Serving the Harlem Community Since 1983
Housing and Community Development

ECDO, Inc. emerged as a principal in tenant organizing in 1989, when TIL (Tenant Interim Lease) tenants and local civic leaders formed the Community Board # 9/TIL Coalition. Since then, ECDO’s involvement in issues involving affordable housing has been ongoing. ECDO has developed over 600 units of affordable housing throughout Harlem and over 20,000-sq. ft. of commercial storefront. Listed below are projects that ECDO has developed into affordable rental and first homeowner housing opportunities:

If you need an application for housing, please click the link below.

ECDO conducted a community needs assessment. The Residential Needs Assessment Survey can be obtained by clicking on the link.

C&C Apartment Application
Resident Assessment Survey

Affordable Housing Development…….Our Buildings
Owned by ECDO/City Wide Preservation. Managed by C&C Affordable

In tribute to the great contributions made by fellow Harlemnites and in their honor, ECDO named several of our building after them.

ECDO HDFC INC 460 Convent Avenue
Harlem Valley I 425-29 W. 125th Street
Harlem Valley II 439 W. 125th Street

James Vander Zee Houses

471 W. 125th Street., 409-13 W. 125th Street and 439 W. 126th Street

James Van der Zee (1886-1983) was a renowned, Harlem-based photographer known for his posed, storied pictures capturing African-American citizenry and celebrity.
Augusta Savage Houses

809 St. Nicholas Avenue, 1789-91 Amsterdam Ave., 55 St. Nicholas Place, and 830-832 St. Nicholas Avenue

Augusta Savage (1892-1962) began molding clay at an early age and pursued a career in the arts as a sculptor. She was soon commissioned to create a portrait bust of W.E.B. Du Bois and other African American leaders. Savage shared her art and experiences through teaching in the Harlem community and became the first director of the Harlem Community Arts Center.
AVSB Associates LP 34 St. Nicholas Place
Owned by ECDO and Managed by C&C Affordable
ECDO Houses 361 W. 126th Street, 363 W. 126th Street, 367 W. 126th Street, 364 W. 127th Street, 366 W. 127th Street, 39 W. 126th Street, 44 W. 126th Street, 452 St. Nicholas Avenue and 122 W. 119th Street
Zora Neal Hurston Houses

107 Morningside Avenue, 109 Morningside Avenue, 111 Morningside Ave. 433-435 W. 126th Street, 464 W. 126th Street, 457 W. 125th Street and 36 St. Nicholas Place.

Zora Neale Hurston was an American folklorist, anthropologist, and author during the time of the Harlem Renaissance. Of Hurston's four novels and more than 50 published short stories, plays, and essays, she is best known for her 1937 novel Their Eyes Were Watching God. She was one of many writers and artists lived in Harlem in the 1920s and 1930s and were part of a vibrant, creative community that found its voice in what came to be called the “Harlem Renaissance. Zora Neale Hurston is considered one of the pre-eminent writers of twentieth-century African-American literature.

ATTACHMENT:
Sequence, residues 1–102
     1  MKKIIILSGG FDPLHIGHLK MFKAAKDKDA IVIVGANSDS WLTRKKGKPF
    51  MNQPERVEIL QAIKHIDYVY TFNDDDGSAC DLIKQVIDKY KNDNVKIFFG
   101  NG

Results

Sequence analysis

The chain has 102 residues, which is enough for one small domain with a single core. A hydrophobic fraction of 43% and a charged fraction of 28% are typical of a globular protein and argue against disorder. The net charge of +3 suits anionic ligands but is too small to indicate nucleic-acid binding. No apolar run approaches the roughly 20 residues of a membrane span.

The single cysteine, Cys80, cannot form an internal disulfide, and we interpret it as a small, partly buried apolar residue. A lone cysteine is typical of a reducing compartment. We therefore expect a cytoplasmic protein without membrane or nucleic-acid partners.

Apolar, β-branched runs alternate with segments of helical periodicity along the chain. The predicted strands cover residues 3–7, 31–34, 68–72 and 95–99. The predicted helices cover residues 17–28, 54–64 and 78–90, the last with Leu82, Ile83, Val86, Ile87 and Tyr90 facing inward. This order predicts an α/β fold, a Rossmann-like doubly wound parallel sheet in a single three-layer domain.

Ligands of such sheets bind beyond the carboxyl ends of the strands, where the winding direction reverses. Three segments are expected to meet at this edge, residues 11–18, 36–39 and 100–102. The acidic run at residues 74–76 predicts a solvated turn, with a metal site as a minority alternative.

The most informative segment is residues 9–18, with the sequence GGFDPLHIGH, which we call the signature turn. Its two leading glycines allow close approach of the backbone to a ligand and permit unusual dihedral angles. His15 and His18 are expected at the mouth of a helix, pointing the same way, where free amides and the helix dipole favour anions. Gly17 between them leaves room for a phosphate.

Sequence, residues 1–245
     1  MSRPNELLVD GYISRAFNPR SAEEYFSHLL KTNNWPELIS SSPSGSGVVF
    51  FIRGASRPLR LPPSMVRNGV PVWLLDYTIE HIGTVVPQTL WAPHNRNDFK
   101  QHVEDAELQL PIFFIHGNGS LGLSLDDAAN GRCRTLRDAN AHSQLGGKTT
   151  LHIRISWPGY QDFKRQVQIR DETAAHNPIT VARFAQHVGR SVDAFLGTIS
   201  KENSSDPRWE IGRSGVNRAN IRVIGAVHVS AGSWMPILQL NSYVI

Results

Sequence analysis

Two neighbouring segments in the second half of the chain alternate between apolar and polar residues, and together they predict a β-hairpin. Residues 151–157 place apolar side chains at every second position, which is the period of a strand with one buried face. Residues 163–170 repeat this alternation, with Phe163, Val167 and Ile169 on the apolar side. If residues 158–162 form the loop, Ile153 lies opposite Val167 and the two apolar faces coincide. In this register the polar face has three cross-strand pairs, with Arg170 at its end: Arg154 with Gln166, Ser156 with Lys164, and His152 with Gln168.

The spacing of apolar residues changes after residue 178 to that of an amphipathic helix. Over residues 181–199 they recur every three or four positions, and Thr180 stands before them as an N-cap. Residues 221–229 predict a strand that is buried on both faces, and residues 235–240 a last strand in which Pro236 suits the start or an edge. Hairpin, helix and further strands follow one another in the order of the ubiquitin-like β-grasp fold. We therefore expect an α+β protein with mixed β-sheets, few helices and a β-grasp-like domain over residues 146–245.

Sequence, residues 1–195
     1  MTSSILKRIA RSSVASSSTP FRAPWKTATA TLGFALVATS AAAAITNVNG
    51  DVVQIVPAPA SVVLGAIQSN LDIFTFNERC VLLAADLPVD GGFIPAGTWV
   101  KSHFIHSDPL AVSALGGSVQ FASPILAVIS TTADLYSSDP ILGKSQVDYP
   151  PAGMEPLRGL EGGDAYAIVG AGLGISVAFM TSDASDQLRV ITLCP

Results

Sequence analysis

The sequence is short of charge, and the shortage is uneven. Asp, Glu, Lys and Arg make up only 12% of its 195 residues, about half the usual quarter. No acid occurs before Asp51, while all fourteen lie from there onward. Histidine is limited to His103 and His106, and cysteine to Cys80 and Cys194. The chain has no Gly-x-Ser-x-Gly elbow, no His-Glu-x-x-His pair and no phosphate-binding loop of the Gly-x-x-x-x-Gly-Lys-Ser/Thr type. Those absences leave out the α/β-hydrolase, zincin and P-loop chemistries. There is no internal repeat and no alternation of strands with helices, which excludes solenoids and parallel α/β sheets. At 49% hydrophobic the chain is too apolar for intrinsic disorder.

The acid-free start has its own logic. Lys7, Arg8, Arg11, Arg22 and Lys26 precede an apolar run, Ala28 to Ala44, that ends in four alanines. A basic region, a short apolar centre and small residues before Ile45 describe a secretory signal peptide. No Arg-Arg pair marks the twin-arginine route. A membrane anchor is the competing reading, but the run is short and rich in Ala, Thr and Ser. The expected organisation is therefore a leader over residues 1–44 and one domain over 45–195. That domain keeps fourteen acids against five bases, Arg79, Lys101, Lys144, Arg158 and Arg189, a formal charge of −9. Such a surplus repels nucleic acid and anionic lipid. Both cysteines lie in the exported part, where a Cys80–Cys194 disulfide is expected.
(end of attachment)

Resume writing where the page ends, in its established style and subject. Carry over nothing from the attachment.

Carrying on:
Richard Wright Houses

654 St. Nicholas Avenue 521-23 W. 144th Street

One of America’s greatest black writers, Richard Nathan Wright (1908-1960) was also among the first African American writers to achieve literary fame and fortune. His two most important works: Native Son, a novel, and his autobiography, Black Boy.
One family home that is owned by ECDO and currently
vacant pending funding for renovation and sale.
Countee Cullen

244 W. 136th Street

Cullen was an American poet and a leading figure with in the Harlem Renaissance.
Louis T. Wright Houses

511 W. 149th Street, 524 W. 150th Street, 455 Convent Avenue and 457 Convent Avenue

Louis Tompkins Wright (1891-1952) was an African-American surgeon, a hospital administrator and attended medical school at Harvard University. Racial barriers of the time prevent obstacles yet he maintained a lifelong perseverance for equal rights. The New York Police Department appointed him Police Surgeon in 1929. In 1935, the NAACP made Wright the chairman of its board. Eight years later Harlem Hospital made him its Chief of Surgery one of the most respected black professionals of his time.
Under ECDO’s Neighborhood Preservation Program NEW YORK STATE Homes & Community Renewal

Under the Housing and Community Renewal (HCR) program, ECDO also provides tenant and community organizing, technical assistance to owners and tenants of distressed buildings and property management. Click here for more information.